I think it is rather the other way round, we are generally on 'automatic pilot' guiding our explicit attention and cognition to the important environmental information for further analysis. The systems work together but whilst the adaptive unconscious systems are pretty rigid, they are numerous; the conscious system is quite flexible but unidimensional. The idea of us being 'cognitive misers' sums it up pretty well.

    Wilson's book talks about all this stuff.

    Cheers for the WATS


    [edit on 13-12-2006 by melatonin]



    posted on Dec, 14 2006 @ 11:50 AM
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    Whew... okay, sorry about yesterday, but it's been a really hard couple of weeks with most of my family being hospitalized, and so I felt a couple sniffs of scotch were in order after work. There's no way I wanted to try and tackle a thread like this in such a state. I'm hard pressed to follow while sober. I will, however, do my best to keep up.


    Originally posted by melatonin
    The medial PFC follows the reinforcement value of stimuli and outcomes, good and bad, and actually enables reversal learning which is the reassessment and learning of new values of stimuli and outcomes. So, emotions don't do the calculating, but emotions are the basis of the calculation.


    So I guess my first question then is, does the anterior cingulate cortex generate emotion and the medial prefrontal cortex regulate it? Or do they relate to each other at all as far as emotion is concerned? Secondly it seems we're on the same page about emotions being the raw data used to calculate our outcomes. While it seems now to make perfect sense, if you'd asked me a week ago what the basis for my brain calculating the best outcome and what I'd do next, emotion would have ranked pretty low on the list, and what I would have qualified as emotion would have been vastly different.



    Originally posted by melatonin
    We almost categorise all stimuli as good/bad whether it be explicit or implicit. It can be a good guide or bad, depending. Same goes for cognitive processing where heuristics also rule the roost.


    That makes sense. Perhaps that's why our computers are based off of binary responses, because ultimately our brains categorize data in the same way. It makes sense as the most space-efficient way to store information, and provides a logical internal database tree search for our minds to follow.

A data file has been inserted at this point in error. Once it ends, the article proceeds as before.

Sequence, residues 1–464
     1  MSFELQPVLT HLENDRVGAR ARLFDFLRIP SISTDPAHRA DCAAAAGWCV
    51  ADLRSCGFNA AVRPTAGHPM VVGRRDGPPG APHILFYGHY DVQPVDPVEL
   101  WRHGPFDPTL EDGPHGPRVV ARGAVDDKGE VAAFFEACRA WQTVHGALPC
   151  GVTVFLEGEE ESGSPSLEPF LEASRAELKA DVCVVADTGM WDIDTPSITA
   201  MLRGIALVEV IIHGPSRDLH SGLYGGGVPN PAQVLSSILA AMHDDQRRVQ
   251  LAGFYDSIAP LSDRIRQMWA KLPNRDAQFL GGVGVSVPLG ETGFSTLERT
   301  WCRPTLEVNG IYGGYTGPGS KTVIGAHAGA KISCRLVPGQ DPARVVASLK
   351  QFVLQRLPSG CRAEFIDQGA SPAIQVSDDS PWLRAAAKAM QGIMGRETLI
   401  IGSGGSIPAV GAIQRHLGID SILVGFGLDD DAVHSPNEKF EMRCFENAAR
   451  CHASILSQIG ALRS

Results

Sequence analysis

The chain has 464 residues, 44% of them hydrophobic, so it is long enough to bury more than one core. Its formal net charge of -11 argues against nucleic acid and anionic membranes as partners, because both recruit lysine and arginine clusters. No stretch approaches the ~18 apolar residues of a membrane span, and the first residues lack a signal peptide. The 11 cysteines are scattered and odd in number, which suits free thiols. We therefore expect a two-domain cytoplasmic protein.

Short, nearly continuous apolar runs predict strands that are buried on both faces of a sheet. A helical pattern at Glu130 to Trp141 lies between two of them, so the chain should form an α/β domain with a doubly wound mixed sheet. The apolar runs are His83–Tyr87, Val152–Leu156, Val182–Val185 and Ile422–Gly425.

I hope I'm not over-simplying this too much, but it sounds sort of like 20 questions. Perhaps we are not thinking in terms of "this object is red, round, crunchy, sweet, tart, fist-sized and juicy" but rather:

    Animal, vegetable, or mineral?: Vegetable.
    Is it poisonous?: No
    Is it ball-shaped?: Yes
    Is it larger than a bread-box?: No...etc. etc. etc.

    Till after less than 20 subconscious categorizing yes/no questions, we've neatly compartmentalized that which defines an apple using the same questions that, with different responses that might otherwise categorize it as an orange, or banana, etc.

    If I understand you correctly, you're saying the Medial PFC basically does the same thing with emotions?

    Me, Him, or Them?
    Will someone die?
    Will someone get hurt?
    Will someone benefit?
    ...etc...

    ...until an emotion gets compartmentalized into a series of yes/no responses until it can be classified as a labeled response.

    Which is interesting, because if that is, in fact, the way emotion works, that would explain why different languages have words for emotions that other cultures don't. Such as "the feeling one gets when one doesn't know how to exit a room", which apparently there is a word for in the German language, but not in English. It would also imply a depth to emotions that is on par with the complexity implicit in trying to categorize tangible objects. Instead of there just being a few basic emotions like "pleasure, pain, fear, love, hate" and variations of them, there are, instead, a countless number of emotions that are just as categorizable and different as apples are from oranges.